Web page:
Daughter Nancy Lindsay isn't making any plans yet. "It all depends on finances," she says. "What my daddy could build it for, doing the work himself 30 years ago, you can't touch a place for that now."
Would she even want to spend time in a scorched area? "I can't answer that until I've seen it," she says. "The whole point of going up there is to get out of the heat. You can always go up there for that, and while you're there, you can re-seed, you can re-plant, you can put in fast-growing trees."
Carolyn Slaughter is ambivalent about the presence of cabins on the mountain. "The problem with the cabins is they interrupt the forest," she says. "There is no forest where a cabin is. But if you're in the cabin with the forest around you, it's a wonderful thing, so I'm morally torn."
Carolyn is in the habit of responding to life by writing about it, and this is what she wrote last weekend about Summerhaven succumbing to the Aspen Fire:
"You could call it a little local Armageddon, a deep-cleansing. The dissolution of the cluttery little village contradicting the forest it fed on. The thinning of cabins scattered through the forest like scabs on wounds.
"But spending weekends in our cabin every summer since 1986, Charles and I have stitched the desert and the mountain together into a world--interweaving the open shining (searing) desert with the green-canopied thunderstorm-riddled forests and streams at the top of the sky ... and that world has unraveled this week.
"I grieve most of all for two trees and one silent forest slope of pines and firs and oaks that we (mis-)took for our own for a while."
Kierán Suckling of the Center for Biological Diversity is far less ambivalent than Carolyn Slaughter. "Basically, cabins in the most fire-prone areas should not be re-leased," he says. "It's a threat to human life--it's not just the cabin owner, it's the firefighter whose life is in danger--and it causes tremendous management and safety problems for everybody else. So they need to step back and say we should not put houses in these dangerous places.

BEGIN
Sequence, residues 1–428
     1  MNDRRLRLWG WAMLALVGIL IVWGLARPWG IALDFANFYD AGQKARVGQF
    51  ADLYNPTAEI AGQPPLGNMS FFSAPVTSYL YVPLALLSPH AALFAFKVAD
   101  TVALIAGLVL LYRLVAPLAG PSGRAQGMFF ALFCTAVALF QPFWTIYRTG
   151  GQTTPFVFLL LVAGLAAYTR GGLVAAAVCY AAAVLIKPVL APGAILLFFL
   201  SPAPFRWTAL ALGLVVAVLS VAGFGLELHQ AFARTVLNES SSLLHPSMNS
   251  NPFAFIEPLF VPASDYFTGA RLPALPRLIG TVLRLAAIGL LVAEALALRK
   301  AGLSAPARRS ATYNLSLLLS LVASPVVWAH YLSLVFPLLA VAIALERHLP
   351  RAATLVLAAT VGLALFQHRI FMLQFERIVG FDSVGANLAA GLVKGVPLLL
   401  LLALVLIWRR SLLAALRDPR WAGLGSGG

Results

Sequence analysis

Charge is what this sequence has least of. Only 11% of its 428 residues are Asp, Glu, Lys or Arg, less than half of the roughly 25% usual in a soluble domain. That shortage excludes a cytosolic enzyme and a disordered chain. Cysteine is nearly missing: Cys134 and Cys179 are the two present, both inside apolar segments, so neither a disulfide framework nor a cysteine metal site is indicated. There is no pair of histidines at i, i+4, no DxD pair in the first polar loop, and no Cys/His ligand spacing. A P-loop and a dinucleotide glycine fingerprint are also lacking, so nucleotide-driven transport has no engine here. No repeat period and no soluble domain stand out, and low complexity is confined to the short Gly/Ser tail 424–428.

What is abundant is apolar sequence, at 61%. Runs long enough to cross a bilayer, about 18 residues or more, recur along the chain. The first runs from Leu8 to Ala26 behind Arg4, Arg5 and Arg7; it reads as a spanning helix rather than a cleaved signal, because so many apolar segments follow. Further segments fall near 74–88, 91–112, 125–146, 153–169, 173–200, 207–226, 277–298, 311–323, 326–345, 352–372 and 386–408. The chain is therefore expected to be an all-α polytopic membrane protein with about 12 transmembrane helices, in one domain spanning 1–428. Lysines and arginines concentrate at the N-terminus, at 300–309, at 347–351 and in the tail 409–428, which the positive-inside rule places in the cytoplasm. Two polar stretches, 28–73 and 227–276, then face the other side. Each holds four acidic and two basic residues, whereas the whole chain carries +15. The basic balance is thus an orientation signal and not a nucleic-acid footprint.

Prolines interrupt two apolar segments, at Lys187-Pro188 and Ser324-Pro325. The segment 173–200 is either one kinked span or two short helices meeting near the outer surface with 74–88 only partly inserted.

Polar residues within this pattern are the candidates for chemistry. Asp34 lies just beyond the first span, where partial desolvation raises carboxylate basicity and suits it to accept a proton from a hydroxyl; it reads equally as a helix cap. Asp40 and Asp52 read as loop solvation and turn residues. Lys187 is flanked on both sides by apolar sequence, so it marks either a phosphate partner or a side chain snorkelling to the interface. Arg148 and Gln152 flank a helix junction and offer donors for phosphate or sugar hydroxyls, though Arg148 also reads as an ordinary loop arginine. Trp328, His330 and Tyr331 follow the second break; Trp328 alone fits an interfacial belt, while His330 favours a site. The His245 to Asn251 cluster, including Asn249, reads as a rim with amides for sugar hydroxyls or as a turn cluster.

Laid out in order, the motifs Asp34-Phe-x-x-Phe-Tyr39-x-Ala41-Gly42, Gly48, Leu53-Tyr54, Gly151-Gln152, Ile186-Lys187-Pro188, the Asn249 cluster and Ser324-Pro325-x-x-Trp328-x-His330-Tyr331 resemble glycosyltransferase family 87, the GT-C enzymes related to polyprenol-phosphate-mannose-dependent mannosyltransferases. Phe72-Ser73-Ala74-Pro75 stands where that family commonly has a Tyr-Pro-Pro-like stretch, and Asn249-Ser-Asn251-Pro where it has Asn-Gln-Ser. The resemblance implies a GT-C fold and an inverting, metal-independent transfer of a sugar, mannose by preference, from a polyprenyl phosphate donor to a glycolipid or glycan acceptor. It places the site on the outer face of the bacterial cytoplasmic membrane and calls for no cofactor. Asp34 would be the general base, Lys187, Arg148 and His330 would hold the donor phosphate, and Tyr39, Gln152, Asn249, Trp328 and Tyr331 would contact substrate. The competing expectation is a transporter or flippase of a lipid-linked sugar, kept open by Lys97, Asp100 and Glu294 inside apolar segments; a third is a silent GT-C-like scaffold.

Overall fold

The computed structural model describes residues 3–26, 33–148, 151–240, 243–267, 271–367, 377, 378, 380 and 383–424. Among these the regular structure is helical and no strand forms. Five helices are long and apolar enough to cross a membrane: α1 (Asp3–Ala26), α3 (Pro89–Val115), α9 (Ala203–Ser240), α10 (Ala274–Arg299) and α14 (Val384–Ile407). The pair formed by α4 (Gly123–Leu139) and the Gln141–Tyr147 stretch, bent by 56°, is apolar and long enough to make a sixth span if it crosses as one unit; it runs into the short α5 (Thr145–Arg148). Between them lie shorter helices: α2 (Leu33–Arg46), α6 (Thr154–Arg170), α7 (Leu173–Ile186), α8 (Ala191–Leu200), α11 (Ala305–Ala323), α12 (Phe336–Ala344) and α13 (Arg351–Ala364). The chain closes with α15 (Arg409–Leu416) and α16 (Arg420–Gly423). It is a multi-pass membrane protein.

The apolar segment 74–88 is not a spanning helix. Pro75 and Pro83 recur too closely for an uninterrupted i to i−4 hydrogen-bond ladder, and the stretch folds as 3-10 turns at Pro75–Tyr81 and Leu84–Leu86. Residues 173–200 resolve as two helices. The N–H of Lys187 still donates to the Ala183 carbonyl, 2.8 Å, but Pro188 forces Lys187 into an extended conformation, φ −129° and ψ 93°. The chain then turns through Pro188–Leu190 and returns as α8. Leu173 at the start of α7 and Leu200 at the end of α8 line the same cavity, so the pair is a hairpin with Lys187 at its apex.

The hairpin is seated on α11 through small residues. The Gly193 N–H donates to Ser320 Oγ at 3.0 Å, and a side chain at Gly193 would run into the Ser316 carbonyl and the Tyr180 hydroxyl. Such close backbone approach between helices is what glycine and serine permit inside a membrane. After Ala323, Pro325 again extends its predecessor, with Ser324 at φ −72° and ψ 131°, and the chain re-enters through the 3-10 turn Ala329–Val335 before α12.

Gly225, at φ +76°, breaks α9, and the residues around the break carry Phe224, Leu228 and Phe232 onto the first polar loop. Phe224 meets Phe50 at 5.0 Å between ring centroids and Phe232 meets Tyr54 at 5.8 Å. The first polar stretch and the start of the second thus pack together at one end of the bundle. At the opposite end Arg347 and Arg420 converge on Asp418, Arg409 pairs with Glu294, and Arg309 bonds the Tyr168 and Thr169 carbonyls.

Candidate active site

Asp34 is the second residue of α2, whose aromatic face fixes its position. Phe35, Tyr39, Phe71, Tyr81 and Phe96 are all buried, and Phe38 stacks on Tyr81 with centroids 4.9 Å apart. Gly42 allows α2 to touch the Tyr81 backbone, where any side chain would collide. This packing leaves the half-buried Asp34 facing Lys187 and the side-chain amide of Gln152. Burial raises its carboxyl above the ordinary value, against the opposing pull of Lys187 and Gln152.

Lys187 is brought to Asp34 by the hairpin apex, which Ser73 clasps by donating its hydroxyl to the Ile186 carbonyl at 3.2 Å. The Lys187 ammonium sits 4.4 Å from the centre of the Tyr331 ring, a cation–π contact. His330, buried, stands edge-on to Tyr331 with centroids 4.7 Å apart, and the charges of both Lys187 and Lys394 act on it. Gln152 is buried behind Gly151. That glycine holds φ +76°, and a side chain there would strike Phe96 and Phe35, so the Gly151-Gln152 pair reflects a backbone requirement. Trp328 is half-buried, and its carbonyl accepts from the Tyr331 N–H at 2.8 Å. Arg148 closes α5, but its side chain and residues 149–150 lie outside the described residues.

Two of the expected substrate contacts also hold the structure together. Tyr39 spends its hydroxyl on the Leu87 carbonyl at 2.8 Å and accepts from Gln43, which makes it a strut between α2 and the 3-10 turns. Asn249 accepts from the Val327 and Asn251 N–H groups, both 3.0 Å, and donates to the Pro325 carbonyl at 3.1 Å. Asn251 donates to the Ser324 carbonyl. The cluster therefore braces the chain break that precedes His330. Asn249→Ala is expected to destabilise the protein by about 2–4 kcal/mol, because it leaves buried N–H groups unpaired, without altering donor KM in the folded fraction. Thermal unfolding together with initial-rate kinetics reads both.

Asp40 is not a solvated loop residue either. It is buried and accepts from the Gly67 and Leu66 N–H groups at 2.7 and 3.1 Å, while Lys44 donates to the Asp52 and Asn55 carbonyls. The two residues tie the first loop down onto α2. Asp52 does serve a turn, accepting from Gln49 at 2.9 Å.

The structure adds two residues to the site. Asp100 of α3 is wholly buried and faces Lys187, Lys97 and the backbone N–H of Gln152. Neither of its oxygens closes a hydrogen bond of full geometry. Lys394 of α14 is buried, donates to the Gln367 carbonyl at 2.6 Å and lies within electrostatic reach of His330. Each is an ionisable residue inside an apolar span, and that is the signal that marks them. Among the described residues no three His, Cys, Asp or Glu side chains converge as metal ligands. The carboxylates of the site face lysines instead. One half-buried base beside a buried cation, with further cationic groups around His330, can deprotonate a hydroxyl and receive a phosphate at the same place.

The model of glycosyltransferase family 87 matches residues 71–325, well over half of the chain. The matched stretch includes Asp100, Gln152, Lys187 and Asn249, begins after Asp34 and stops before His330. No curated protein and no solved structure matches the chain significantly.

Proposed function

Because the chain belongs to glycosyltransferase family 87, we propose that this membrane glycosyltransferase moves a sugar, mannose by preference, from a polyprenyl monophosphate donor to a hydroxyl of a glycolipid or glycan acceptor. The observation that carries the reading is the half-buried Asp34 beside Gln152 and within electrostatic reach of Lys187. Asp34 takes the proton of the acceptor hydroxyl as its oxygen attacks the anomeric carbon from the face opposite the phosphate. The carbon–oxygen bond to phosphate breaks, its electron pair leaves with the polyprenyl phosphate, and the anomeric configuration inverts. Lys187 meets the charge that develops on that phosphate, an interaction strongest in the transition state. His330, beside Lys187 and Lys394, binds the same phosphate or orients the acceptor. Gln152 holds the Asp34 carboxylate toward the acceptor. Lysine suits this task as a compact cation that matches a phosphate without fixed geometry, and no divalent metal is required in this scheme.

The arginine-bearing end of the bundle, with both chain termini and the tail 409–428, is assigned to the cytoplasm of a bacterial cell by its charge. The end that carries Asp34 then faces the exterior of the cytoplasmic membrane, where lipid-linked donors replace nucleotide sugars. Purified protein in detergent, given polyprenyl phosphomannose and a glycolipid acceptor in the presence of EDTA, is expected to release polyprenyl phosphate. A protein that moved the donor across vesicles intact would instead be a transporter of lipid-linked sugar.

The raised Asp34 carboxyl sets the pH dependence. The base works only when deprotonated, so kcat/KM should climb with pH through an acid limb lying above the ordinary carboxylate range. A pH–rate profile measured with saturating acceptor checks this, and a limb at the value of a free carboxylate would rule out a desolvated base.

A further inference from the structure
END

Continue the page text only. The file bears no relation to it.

"Secondly, where they do continue the leases, they should make a condition of the lease that the homeowners have to fireproof their land and their home--very simple things like the roof should be made of tin, and not stacking firewood against the house. Forest Service research has shown that proper fuel reduction and fire safety within 100 yards of a house is the most effective way to reduce fire danger."
In his 1987 book about the Catalinas, Frog Mountain Blues, Charles Bowden advocated ripping out the highway, tearing out the town and cabins, healing over the ski slopes, and letting the mountains go back to being a home for things other than people.
"I haven't mellowed since then," he says. "I appreciate the agony of having your house burned to the ground, but building a house in a pine forest is like telling people you're building a house in an oil tanker. It's only a matter of time before it'll go up in flames. And that mountain was doomed because of those fuel loads."
Bowden is happy to propose his own plan for saving the Catalinas.
"The first thing is the local politicians should get federal help for instant re-seeding so we don't lose the soil and end up with a sterile mountain. If we don't re-seed, when the rains come this summer, we're going to get tremendous mudflows down Sabino Canyon and lose all the topsoil.